Beef Cattle

There are about 1.83 million beef cattle and calves in North Dakota. That's more than two cattle for every person in the state. Beef cattle are raised in every North Dakota county. One 1,200-pound beef animal produces enough meat to make about 2,100 quarter-pound hamburgers. The average American eats 114 hamburgers a year. A cow is a beef "mother" and bull is a beef "father." A calf is a young male or female beef animal less than one year of age. A heifer is a young female beef animal that hasn't yet given birth to her first calf.



Bison is the scientific name for buffalo. At one time an estimated 70 million bison roamed North America. Unregulated killing of bison led to the many millions of animals being reduced to no more than 1,500 in the mid to late 1800s. Legal protection of bison, the establishment of preserves and individual ranches raising animals have restored the bison to greater than 350,000 animals. Bison are raised primarily for their meat and hides. There are approximately 12,000 head of bison in North Dakota.


Dairy Cattle

There are approximately 63 licensed dairy herds in North Dakota that produce around 40 million gallons of milk annually. The state has two facilities that process one or more dairy products. It takes just 48 hours for milk to travel from the farm to a retail outlet/store.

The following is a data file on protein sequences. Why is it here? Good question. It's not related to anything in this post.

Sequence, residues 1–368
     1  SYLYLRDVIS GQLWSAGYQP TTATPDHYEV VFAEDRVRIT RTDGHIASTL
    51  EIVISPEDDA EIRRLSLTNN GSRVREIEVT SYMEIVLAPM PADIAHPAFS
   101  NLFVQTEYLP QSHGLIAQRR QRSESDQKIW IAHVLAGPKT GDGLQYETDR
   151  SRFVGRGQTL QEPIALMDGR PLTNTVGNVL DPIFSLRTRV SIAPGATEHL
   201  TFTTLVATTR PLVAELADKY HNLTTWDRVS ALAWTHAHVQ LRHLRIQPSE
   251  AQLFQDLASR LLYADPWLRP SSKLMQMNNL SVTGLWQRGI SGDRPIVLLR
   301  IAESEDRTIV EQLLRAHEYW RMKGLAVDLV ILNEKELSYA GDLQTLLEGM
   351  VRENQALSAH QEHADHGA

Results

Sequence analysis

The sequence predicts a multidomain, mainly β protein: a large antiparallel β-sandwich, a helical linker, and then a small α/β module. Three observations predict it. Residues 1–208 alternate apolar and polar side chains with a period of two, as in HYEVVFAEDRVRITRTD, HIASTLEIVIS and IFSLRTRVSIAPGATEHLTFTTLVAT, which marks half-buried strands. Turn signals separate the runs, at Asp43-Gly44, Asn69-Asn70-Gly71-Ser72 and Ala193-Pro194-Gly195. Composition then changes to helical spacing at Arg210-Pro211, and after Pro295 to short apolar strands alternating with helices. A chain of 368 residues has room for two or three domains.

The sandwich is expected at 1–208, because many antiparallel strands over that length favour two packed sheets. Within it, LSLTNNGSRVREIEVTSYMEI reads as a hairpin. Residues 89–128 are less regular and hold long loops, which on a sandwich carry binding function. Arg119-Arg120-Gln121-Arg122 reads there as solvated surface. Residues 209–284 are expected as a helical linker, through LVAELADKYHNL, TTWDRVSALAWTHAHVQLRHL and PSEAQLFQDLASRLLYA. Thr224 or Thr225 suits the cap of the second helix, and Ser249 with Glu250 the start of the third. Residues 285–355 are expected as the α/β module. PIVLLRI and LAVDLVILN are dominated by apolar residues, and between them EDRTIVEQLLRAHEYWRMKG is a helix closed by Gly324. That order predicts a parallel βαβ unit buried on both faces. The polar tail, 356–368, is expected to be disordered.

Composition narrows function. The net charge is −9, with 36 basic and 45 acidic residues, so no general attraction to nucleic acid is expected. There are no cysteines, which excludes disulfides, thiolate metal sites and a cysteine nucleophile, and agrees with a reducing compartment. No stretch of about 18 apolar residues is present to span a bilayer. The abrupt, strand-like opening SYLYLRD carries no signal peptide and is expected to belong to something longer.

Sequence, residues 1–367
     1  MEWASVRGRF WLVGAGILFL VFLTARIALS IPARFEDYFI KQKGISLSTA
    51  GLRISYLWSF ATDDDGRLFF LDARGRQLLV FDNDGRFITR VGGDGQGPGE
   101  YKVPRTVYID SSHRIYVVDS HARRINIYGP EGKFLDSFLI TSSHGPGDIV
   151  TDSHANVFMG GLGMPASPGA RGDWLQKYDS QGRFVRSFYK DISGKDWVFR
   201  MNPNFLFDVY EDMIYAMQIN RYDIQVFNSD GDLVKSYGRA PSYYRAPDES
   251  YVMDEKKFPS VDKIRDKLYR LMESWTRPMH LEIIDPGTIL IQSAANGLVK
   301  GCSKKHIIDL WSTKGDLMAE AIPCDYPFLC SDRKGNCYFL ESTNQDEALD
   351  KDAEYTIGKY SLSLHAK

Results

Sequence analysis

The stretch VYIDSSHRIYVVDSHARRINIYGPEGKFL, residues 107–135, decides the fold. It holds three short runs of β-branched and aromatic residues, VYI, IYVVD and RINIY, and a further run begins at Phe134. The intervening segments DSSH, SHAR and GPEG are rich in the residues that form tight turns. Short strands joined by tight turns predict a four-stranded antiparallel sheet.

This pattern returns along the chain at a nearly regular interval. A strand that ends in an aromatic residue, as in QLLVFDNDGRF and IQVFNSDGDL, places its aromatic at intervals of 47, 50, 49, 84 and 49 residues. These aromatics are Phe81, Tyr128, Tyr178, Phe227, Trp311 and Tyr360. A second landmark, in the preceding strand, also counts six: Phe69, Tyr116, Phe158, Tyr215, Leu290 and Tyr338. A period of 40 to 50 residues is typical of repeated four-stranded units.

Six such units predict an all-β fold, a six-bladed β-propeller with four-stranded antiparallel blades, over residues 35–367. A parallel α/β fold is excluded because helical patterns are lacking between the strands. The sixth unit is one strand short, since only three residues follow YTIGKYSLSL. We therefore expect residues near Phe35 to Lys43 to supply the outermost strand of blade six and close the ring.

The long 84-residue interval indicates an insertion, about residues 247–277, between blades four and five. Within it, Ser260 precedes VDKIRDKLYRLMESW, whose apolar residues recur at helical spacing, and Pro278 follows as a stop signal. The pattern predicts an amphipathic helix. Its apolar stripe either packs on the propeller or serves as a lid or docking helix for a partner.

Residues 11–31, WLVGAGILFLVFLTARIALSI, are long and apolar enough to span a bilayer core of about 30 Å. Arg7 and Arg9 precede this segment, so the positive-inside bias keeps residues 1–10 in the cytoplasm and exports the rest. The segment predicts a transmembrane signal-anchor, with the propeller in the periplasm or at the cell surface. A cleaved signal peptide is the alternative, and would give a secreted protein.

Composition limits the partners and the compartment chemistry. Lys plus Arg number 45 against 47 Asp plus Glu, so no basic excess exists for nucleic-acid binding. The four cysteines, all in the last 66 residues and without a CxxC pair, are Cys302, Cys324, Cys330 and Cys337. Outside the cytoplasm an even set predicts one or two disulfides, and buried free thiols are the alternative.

There are 9 turkey farms in North Dakota that produce around 1 million birds annually. Each year, members of the North Dakota Turkey Federation present a live turkey for a Thanksgiving Pardon ceremony at the state capitol building.



There are more than 70,000 sheep and lambs raised in North Dakota each year. Sheep have been providing meat and clothing to people for over 10,000 years. Female sheep are called ewes, baby sheep are called lambs, and male sheep are called rams. A group of sheep is called a flock. A one-year old sheep is called a hogget. A two-year old sheep is called a two-tooth. Lambs are ready for market when they weigh somewhere between 90-120 pounds. Lamb as food is an outstanding source of vitamins and minerals, and is one of the easiest to digest. The meat from a grown sheep is called mutton and that from a young sheep is called lamb. North Dakota sheep produced 435,000 pounds of wool in 2017. 



There are about 150,000 pigs raised in North Dakota. Each average pig, taken to market by a producer, represents 371 servings of pork. Byproducts from pork are used in a lot of surprising ways. Insulin from pigs is used in the treatment of diabetes. Pig heart valves are used to replace damaged or diseased human heart valves. Skin from hogs is used to treat severe burn victims, just to name a few.


Non-Traditional Livestock